Lost In Peru


Conversation stops midstream. I’m the only fair-haired Gringo on the bus.
“Buenos dias”
A gust of air smelling of garlic caresses my face. An elderly woman shifts on her seat and motions for me to sit. Her wrinkled face savaged by the elements, splits in half as she smiles.
I perch a buttock on the proffered seat. A youth with eyes the colour of ink stares at me. Women are dressed in bright skirts, multi-layered petticoats; bead encrusted cardigans and woollen stockings. Long dark plaits, flowers and ornate hair clips compliment tall felt hats.
At this hour the earth oozes pink and ochre hues – Autumnal and raw. My mind twitches like an old movie projector – I’m lost in Peru – exhausted, heavy. I can’t understand the language, the customs. I don’t belong here.
The shrill ring of a mobile phone interrupts phlegmy coughing. I’m speechless – “Mama” is deep in conversation.
A plastic Jesus swings from the mirror. I close my eyes against a sensory overload of sun-bleached roads, decaying shantytowns, mangy dogs and chickens. The vanilla scent of yellow broom seductively flirts with the morning breeze.
We stop in the centre of town at the Plaza de Armas. Mama links her arm in mine.
“Vamonos” – come on!
God has placed his hand here – “Carhuaz” is a kaleidoscope of colour. Snow capped mountains majestically border the small Peruvian town. The “Cordillera Blanca” mountains - pristine white and jagged; remind me of my grandson’s incisors.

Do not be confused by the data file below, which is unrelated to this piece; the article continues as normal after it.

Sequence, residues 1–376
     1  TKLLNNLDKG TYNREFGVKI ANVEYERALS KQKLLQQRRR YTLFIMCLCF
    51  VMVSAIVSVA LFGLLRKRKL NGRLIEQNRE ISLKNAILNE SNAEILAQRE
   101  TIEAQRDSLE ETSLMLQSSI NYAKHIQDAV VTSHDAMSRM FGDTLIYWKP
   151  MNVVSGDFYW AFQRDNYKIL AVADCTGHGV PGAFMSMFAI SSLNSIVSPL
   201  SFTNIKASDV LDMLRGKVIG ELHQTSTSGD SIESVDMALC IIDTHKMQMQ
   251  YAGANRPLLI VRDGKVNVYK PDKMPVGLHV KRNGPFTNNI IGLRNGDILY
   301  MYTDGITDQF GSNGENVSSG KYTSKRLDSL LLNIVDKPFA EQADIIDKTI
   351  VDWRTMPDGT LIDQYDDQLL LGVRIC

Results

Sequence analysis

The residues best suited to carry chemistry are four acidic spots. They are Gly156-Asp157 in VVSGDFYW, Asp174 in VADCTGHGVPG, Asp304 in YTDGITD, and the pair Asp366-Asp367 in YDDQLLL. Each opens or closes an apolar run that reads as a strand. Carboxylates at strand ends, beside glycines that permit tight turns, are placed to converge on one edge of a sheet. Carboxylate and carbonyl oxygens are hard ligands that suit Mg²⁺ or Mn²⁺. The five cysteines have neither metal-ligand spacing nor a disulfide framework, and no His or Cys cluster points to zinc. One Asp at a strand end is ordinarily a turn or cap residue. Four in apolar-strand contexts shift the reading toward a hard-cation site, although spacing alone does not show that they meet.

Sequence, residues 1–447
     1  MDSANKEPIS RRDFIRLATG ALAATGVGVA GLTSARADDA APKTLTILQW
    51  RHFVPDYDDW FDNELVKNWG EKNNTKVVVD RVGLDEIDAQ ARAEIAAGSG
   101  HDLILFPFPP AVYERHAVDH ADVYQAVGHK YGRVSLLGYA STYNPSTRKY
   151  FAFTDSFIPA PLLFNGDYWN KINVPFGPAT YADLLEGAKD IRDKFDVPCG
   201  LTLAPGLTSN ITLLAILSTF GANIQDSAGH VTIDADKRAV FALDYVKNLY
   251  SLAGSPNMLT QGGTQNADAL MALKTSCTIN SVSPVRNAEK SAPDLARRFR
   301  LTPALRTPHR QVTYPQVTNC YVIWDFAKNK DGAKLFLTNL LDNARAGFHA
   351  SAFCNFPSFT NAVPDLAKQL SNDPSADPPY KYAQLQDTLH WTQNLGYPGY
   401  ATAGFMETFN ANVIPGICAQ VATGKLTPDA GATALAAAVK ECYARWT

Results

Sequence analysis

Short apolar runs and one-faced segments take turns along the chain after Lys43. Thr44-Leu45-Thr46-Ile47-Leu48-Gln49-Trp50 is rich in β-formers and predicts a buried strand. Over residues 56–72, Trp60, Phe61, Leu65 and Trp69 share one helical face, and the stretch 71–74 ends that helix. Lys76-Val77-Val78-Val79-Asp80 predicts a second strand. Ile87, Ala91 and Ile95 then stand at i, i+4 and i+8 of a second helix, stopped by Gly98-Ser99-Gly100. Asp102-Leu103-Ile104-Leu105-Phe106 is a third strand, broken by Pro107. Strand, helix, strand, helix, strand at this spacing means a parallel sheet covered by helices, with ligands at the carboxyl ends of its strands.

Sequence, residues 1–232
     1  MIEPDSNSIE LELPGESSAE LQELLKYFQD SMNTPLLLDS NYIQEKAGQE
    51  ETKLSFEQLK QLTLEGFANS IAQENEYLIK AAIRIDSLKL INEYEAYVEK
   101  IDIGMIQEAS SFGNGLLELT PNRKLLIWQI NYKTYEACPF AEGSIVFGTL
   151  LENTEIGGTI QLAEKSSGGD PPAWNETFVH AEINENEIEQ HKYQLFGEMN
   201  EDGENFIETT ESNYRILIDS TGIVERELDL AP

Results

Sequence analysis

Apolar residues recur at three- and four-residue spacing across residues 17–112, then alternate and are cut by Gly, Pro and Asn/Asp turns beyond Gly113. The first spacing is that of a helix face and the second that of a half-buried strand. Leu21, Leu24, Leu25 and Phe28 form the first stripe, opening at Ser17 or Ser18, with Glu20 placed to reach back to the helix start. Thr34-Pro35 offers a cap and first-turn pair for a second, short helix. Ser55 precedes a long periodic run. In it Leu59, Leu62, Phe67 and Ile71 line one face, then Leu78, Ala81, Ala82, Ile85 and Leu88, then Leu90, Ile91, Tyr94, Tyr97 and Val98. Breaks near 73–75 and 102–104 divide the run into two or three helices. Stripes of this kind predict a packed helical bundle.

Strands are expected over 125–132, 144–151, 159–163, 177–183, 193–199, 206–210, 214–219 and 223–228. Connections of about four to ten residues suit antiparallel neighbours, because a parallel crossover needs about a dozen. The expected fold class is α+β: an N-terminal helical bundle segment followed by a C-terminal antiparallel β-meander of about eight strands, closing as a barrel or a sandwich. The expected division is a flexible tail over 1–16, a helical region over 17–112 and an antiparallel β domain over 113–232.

Children splash in the tall mosaic fountain and purple Bougainvillea runs riot over whitewashed fences and colonial buildings.

The church is awash with murmured prayers, blood red Roses and the smell of musk. Mama’s excited to introduce me to the local Priest and the rest of the congregation.
The market is a maze of screeching vendors and gossiping neighbours. I follow along dusty streets. Underfed dogs scavenge through piles of rotting vegetables and the sweet fragrance of crushed sugar cane tantalizes.
Sleeping babies lie contently in multi-coloured slings. Families sell lottery tickets, peaches and jungle potatoes. With a flick of her long plait Mama greets a shy mother breastfeeding her son.
We join a group of elderly men – cards are tabled alongside glasses of bitter Coca tea. Wizened fingers roll rosary beads. As we feast on empanadas, the aroma of curry spices and sizzling oil floats alongside market cries.
Rows of lily-white chickens hang from metal hooks - beady, dead eyes. Stacks of yellow talons point irreverently to heaven. Flies settle on slabs of salty goat’s cheese. Delicacies abound – guinea pigs the colour of corpses lie naked alongside wrinkled Pigs’ feet. The ground is a mess of shucked corn, ice cream sticks and puddles of sticky red blood.
Small fingers tug at mine. Mama points towards the bus station and nods. It’s time for me to leave.
“Gracias, Adios” I shout – thank you, goodbye.
Hours later I feel a weight has lifted from my shoulders. The Andean sky’s a canopy of glittering stars - I’m found in Peru.

A Stitson

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